GRASS FOR HIS PILLOW
Lian Hearn (Hodder, 2003) ISBN: 0 7336 1563 5
Taking up directly after the events of Across the Nightingale Floor, Grass for his Pillow finds Kaede in a state of hypnotic sleep and Takeo working for the ninja-like Tribe which has claimed him for their own. Neither is now happy with their lot. Takeo has sworn himself to the Tribe, as well as to an up-and-coming warlord, but desires only to honour Otori Shigeru’s wishes that he should claim leadership of the Otori clan. Kaede, meanwhile, longs for Takeo. She is certain he will return to her, yet has her own doubts.
This novel is slower-paced than the previous one. Much of the narrative, especially early on, is focused on Kaede and her own struggles to maintain her estate and family in the wake of her shame and her father’s resultant suicide. Events of the previous book have left her the heiress to a contested, woman-dominated domain which at some point she must also attend to. Readers may find Grass for his Pillow difficult to get into; much like Sansa Stark in the A Song of Ice and Fire series, her battles are not fought with swords but with wits. It is therefore possible to miss Kaede’s manipulations and her hard-won victories. In the fantasy genre especially, if women are not battle-hungry heroines out to prove they’re just as good as any man, they are far too often perceived as weak, their stories uninteresting. Kaede’s strength is quiet and subtle–and, true, much of it is hinged on her faith in Takeo and his love for her–but it is very present. Hearn has been noted as calling Kaede a tribute to all the women in samurai family histories, listed only as “woman”.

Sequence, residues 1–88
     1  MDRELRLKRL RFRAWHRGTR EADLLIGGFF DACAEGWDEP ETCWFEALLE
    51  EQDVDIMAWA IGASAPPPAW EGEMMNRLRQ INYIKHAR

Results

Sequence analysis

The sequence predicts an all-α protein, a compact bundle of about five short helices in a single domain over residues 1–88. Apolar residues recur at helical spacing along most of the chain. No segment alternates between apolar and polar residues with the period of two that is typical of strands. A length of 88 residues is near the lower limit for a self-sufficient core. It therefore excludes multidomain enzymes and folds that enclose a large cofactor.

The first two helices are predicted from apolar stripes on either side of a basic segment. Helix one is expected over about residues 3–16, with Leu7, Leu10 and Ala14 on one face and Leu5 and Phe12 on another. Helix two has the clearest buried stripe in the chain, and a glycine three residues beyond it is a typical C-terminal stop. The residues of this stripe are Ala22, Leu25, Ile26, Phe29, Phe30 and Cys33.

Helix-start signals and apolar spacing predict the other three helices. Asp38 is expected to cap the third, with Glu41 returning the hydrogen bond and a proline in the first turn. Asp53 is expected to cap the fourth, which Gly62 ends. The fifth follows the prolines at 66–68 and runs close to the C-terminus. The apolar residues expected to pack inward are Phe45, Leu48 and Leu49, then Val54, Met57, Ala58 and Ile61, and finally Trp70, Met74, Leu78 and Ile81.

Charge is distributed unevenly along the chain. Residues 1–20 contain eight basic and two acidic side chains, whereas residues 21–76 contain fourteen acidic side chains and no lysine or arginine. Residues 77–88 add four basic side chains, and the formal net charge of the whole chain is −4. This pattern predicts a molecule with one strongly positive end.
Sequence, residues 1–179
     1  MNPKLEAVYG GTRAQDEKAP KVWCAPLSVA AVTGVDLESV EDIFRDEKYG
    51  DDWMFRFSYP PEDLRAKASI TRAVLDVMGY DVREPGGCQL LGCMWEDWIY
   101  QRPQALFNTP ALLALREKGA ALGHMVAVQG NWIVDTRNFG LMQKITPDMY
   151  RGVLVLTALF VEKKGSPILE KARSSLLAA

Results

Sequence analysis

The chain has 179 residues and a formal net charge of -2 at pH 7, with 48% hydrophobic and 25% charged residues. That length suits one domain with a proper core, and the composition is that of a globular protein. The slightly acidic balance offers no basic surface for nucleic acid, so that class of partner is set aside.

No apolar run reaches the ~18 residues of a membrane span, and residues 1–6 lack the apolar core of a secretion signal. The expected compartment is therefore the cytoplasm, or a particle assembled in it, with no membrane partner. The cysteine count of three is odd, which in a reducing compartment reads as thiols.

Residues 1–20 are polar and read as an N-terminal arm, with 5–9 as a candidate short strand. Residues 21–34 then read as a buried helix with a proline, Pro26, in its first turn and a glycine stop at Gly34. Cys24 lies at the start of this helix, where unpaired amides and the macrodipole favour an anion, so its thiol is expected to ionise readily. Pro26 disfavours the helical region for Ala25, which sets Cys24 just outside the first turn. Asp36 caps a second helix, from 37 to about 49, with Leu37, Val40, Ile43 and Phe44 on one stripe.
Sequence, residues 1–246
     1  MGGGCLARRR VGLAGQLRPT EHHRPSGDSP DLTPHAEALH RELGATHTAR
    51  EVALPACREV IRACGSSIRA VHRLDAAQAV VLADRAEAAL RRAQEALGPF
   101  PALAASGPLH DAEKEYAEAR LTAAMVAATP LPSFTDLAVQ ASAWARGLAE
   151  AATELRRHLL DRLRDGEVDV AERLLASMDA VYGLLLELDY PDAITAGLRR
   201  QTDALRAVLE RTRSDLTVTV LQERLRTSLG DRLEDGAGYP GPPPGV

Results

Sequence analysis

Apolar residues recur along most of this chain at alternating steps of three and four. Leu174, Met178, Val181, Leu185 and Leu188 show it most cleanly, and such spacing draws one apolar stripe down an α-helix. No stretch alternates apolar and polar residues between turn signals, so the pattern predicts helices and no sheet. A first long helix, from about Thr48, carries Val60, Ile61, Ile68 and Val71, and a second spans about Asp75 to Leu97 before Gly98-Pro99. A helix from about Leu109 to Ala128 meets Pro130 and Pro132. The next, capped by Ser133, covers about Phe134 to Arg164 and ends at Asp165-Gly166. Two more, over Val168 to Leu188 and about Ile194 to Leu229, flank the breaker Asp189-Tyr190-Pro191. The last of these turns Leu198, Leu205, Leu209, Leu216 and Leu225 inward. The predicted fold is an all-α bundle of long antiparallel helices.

Takeo’s story is also slower than in Across the Nightingale Floor. He is trained in the ways of the Tribe, travelling with them and learning, though never trusting his caretakers. He falls in lust with a Tribe girl. He concludes presently that he cannot keep his oath to the Tribe, and that he will return to his life amongst the warrior class, fleeing through the wilderness in the depths of winter. Meanwhile, he also comes across members of the Hidden, members of the Christian-like sect he was born into. Reminded of the teachings of his youth, he becomes even more conflicted. He has three very different inheritances which will all shape his destiny–the honour, valour and violence of the warrior class; the amoral, mercinary lifestyle and exciting abilities of the Hidden; and the peaceful ways of the persecuted Hidden.
While Grass for his Pillow is more slowly paced, it serves an important role within the trilogy of solidifying plot-lines and revealing the overall arc. As in the previous novel, the characters are well drawn, and we are able to enjoy them in greater detail here, seeing how they think when they have time to breathe. There is a sense of the great danger both Takeo and Kaede are in, and the question looms of whether they will be reuinited, though this is not especially a mystery.
Anecdata from people to whom I have recommended the books suggests that this second book is where the series lost readers. I suspect this is mostly because of the pacing and the focus on Kaede. It is disappointing, but somewhat understandable, that after the excitement of Across the Nightingale Floor, the introspection of Grass for his Pillow would dismay readers. Grass for his Pillow also feels less fluidly constructed than the previous book. This too is understandable. Across the Nightingale Floor was written quickly, whereas I suspect the second two books were constructed more painstakingly. I would nonetheless recommend Grass for his Pillow wholeheartedly.
*the title is the second line of a poem from 10th century Japanese poet, Lady Ise (hanging from the branches/ of a green willow tree/ the spring rain/ is a/ thread of pearls)